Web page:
“A lot of our immigrant communities don’t always benefit from the resources out there, like help for energy efficiency,” Alvillar said. 

Unidos has hosted virtual events on Xcel’s plan and encouraged people to submit comments to the Public Utilities Commission. 

Xcel told Sahan Journal its plan calls for expanding energy efficiency programs and that it will work with community organizations that can help with outreach in multiple languages. 

Another focus for advocates has been diversifying Xcel’s workforce. In recent years and in its Integrated Resource Plan, the company has made pledges to employ more people of color. But today, its workforce is overwhelming white. In Minnesota, 93 percent of Xcel’s employees are white, while 84 percent are white nationwide, the company confirmed. Unidos and others would like to see firm diversity targets to ensure the green energy jobs of the future include all residents. 

Minnesota utilities would be required to submit annual diversity reports under a bill proposed February 25 by Representative Ruth Richardson (DFL-Inver Grove Heights).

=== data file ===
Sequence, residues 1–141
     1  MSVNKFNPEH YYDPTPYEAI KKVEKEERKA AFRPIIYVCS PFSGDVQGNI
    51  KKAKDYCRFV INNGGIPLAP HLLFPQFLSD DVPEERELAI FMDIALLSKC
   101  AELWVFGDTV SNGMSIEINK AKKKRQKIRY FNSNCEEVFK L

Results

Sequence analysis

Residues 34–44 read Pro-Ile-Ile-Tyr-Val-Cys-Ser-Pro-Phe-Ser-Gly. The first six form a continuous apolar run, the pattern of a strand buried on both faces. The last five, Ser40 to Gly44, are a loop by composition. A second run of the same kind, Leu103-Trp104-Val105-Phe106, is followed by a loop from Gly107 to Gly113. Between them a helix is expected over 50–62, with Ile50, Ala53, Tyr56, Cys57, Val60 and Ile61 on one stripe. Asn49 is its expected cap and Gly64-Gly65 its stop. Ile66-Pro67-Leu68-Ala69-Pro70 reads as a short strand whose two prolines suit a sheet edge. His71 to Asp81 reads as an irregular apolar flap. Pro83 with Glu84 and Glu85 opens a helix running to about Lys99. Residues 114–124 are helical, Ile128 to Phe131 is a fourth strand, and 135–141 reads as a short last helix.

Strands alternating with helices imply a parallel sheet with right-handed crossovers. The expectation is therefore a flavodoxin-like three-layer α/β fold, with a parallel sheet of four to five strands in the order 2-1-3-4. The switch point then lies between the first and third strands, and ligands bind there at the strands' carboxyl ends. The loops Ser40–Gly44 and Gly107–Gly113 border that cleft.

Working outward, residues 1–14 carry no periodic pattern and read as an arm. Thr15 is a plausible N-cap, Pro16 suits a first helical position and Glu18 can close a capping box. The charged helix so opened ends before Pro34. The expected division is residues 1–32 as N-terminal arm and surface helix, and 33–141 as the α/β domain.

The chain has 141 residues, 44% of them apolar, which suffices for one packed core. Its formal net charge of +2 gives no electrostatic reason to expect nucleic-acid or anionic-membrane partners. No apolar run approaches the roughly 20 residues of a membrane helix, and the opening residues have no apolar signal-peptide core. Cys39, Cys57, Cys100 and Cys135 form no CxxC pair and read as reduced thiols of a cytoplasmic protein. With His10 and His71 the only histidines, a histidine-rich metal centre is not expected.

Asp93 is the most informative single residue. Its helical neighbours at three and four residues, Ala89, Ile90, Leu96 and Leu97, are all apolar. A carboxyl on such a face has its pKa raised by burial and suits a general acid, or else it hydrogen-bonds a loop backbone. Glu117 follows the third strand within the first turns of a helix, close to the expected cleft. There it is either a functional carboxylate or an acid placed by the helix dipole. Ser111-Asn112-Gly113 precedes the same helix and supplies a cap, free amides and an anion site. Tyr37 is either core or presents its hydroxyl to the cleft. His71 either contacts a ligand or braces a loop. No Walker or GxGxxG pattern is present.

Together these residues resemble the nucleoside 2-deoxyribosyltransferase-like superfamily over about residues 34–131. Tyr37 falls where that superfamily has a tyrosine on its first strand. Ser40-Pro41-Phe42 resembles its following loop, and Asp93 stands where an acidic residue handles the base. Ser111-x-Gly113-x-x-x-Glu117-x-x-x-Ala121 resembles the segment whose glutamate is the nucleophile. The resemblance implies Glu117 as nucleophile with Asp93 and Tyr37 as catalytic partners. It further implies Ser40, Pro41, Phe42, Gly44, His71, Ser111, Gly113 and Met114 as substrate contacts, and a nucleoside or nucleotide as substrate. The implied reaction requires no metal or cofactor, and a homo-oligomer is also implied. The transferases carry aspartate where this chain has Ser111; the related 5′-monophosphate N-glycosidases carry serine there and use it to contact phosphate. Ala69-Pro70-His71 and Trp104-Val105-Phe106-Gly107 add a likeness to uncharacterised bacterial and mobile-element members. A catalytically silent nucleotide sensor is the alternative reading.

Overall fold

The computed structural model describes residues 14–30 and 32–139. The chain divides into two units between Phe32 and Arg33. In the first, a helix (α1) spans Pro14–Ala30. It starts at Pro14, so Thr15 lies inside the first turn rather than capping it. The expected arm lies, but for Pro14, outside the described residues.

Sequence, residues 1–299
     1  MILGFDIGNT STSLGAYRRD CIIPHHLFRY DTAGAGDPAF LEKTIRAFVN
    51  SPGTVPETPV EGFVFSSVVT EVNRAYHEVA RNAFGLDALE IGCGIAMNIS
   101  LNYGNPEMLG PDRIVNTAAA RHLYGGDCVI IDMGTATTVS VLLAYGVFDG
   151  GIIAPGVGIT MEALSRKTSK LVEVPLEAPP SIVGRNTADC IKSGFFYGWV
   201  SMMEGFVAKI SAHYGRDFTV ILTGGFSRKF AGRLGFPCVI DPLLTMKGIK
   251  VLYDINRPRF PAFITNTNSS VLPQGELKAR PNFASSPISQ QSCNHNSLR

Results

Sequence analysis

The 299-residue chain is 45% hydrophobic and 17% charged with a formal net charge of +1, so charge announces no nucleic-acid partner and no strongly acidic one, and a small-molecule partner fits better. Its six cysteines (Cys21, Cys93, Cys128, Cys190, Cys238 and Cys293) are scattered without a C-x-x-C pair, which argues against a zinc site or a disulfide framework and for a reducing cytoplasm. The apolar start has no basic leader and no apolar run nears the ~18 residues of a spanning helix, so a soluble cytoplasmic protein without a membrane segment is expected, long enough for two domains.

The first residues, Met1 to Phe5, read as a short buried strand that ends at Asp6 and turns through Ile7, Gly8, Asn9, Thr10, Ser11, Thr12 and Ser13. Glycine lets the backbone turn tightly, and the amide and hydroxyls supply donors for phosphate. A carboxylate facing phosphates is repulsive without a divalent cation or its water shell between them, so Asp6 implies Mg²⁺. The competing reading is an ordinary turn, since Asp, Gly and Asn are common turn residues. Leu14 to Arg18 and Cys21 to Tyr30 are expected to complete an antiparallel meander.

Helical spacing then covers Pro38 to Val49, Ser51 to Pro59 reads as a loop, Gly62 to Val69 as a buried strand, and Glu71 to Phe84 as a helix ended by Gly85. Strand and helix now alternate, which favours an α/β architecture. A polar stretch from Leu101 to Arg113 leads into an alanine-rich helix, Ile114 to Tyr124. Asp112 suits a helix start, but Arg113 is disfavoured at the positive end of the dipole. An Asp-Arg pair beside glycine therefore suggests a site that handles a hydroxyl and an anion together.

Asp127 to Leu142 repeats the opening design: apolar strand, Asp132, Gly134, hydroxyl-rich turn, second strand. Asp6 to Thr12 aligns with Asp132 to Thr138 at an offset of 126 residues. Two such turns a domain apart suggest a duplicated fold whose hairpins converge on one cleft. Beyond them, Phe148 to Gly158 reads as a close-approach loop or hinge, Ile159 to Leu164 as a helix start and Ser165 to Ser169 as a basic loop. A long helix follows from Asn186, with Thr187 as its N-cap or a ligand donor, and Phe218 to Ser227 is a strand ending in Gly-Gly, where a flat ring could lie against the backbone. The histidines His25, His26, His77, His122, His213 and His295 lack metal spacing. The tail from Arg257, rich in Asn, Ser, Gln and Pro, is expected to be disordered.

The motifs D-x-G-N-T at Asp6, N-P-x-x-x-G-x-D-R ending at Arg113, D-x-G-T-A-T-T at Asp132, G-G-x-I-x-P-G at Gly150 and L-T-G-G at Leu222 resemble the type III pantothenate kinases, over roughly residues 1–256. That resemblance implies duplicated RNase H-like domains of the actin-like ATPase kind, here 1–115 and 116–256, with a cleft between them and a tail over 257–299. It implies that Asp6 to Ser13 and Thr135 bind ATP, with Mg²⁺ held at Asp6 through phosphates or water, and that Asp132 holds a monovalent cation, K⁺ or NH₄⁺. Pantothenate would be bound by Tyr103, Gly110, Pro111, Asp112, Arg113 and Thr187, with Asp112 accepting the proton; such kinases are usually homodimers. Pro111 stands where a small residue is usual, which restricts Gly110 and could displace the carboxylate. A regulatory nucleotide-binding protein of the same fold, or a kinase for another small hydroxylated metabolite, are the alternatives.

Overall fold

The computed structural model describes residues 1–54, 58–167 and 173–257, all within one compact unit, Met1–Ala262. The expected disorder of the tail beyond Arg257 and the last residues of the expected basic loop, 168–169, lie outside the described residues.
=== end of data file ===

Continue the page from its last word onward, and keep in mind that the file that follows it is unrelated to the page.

Alternate proposals

Groups like Citizens Utility Board, Fresh Energy, and Sierra Club submitted alternative proposals to the Xcel plan this month, which the Public Utilities Commission can also review. All say their plans will lower emissions faster and save customers more. 

The Citizens Utility Board’s “Consumers Plan” would save Xcel customers $1 billion annually and reduce greenhouse gas emissions further and faster, Levenson-Falk said. This could be accomplished, she says, by relying more heavily on renewable energy sources, whose falling costs make them cheaper than fossil fuels.

“The sooner you can close those coal plants, the more savings there are for customers,” Levenson-Falk said. 

More savings could be accomplished by a wider embrace of customer-owned solar panels and community solar gardens–small, local solar farms that residents can subscribe to for electricity–she said. Xcel’s plan calls for an additional 863 megawatts of community solar power, enough to power about 165,000 homes. Alternative plans would add more than 2,000 megawatts of community solar. Because Xcel doesn’t own community solar gardens or rooftop panels, advocates say the company’s profit model disincentivizes those investments.